---|---|

ρ _{k➡k}(R) | completely removes them. If some renames in the list are valid and some are not, the valid ones will be kept. |

This optimization is performed **before** performing *subsequent renames optimization*.

Original | Optimized |
---|---|

ρ _{k}(R)(ρ _{j}(R)) | ρ _{j,k}(R) |

hence using a single rename operation.

If j,k will contain things like `a➡b,b➡c`

, they will be replaced with `a➡c`

.

If j.k will contain things like `a➡b,b➡a`

, they will be removed. If all the transformations are removed, the rename itself is removed.

#### Futile union intersection subtraction

*A ⋈ A=A ⧑ A=A ⧒ A=A⧓A = A ᑌ A=A ᑎ A=A*.

So this optimization tries to locate unions, intersections and joins that share the same left and right operand, and replaces
them with the operand itself.

Also *A - A=∅*.

So it locates subtractions that share the same left and right operand and replaces them with *σ _{False}(A)*. This is not as fast as replacing with an empty relation, but there is no such operator in relational algebra. Anyway Selection is O(n) and subtraction is O(n

^{2}), so we're saving time anyway.

This function locates things like:

Original | Optimized |
---|---|

R ᑌ R | R |

R ᑎ R | R |

R - R | σ _{False} (R) |

σ _{k} (R) ᑌ R | R |

σ _{k} (R) ᑎ R | σ _{k} (R) |

σ _{k} (R) - R | σ _{False} (R) |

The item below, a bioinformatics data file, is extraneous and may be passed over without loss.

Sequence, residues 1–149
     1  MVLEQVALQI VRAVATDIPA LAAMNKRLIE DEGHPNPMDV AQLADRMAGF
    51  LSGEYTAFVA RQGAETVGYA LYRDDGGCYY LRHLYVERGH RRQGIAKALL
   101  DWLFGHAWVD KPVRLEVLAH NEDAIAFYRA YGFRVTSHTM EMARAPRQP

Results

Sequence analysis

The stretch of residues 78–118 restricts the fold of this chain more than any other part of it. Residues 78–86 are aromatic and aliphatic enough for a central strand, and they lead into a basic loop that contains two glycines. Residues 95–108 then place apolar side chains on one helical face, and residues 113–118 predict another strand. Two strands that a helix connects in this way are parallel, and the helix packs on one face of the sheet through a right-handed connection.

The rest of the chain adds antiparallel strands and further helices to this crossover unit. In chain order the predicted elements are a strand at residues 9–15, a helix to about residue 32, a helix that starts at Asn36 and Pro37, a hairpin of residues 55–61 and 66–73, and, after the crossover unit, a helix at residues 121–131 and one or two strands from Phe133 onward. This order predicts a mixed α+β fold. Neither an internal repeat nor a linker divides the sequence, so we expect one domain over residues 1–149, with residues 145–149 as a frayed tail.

R - σ _{k} (R) | σ _{¬k} (R) |

`R`

doesn't have to be a relation. It can be a subtree too.

#### Swap union renames

Original | Optimized |
---|---|

ρ _{a➡b}(R) ᑌ ρ _{a➡b}(Q) | ρ _{a➡b}(R ᑌ Q) |

ρ _{a➡b}(R) ᑎ ρ _{a➡b}(Q) | ρ _{a➡b}(R ᑎ Q) |

ρ _{a➡b}(R) - ρ _{a➡b}(Q) | ρ _{a➡b}(R - Q) |

This will save the space taken by an extra relation needed to perform the 2nd rename.

#### Swap rename projection

Original | Optimized |
---|---|

π _{k}(ρ _{j}(R)) | ρ _{j}(π _{k}(R)) |

This will let rename work on a hopefully smaller set and more important, will hopefully allow further optimizations.

#### Union and product

Original | Optimized |
---|---|

A * B ∪ A * C | A * (B ∪ C) |

#### Select union intersect subtract

Original | Optimized |
---|---|

σ _{i}(a) ᑌ σ_{q}(a) | σ _{i ∨ q}(a) |

This will allow the removal of an O(n^{2}) operation like the union.

Both select must work on the same expression, the selects will be united into one, according to the following table:

original query | resulting query |
---|---|

σ _{i}(a) ᑌ σ_{q}(a) | σ _{i ∨ q}(a) |

σ _{i}(a) ᑎ σ_{q}(a) | σ _{i ∧ q}(a) |

σ _{i}(a) - σ_{q}(a) | σ _{i ∧ ¬q}(a) |

### Specific optimizations

This class of optimizations requires to have knowledge of the specific relations used (meaning that it will need to have access to real instances of the relations to work).

#### Projection and union

Original | Optimized |
---|---|

π a,b,c(A) ∪ π a,b,c(B) | π a,b,c(A ∪ B) |

If A and B are union compatible.

#### Selection and product

Original | Optimized |
---|---|

σ _{k} (R*Q) | σ _{l} (σ _{j} (R) * σ _{i} (Q)) |

Where j contains only attributes belonging to R, i contains attributes belonging to Q and l contains attributes belonging to both.

#### Useless projection

If a projection is done on all the attributes, it can be removed.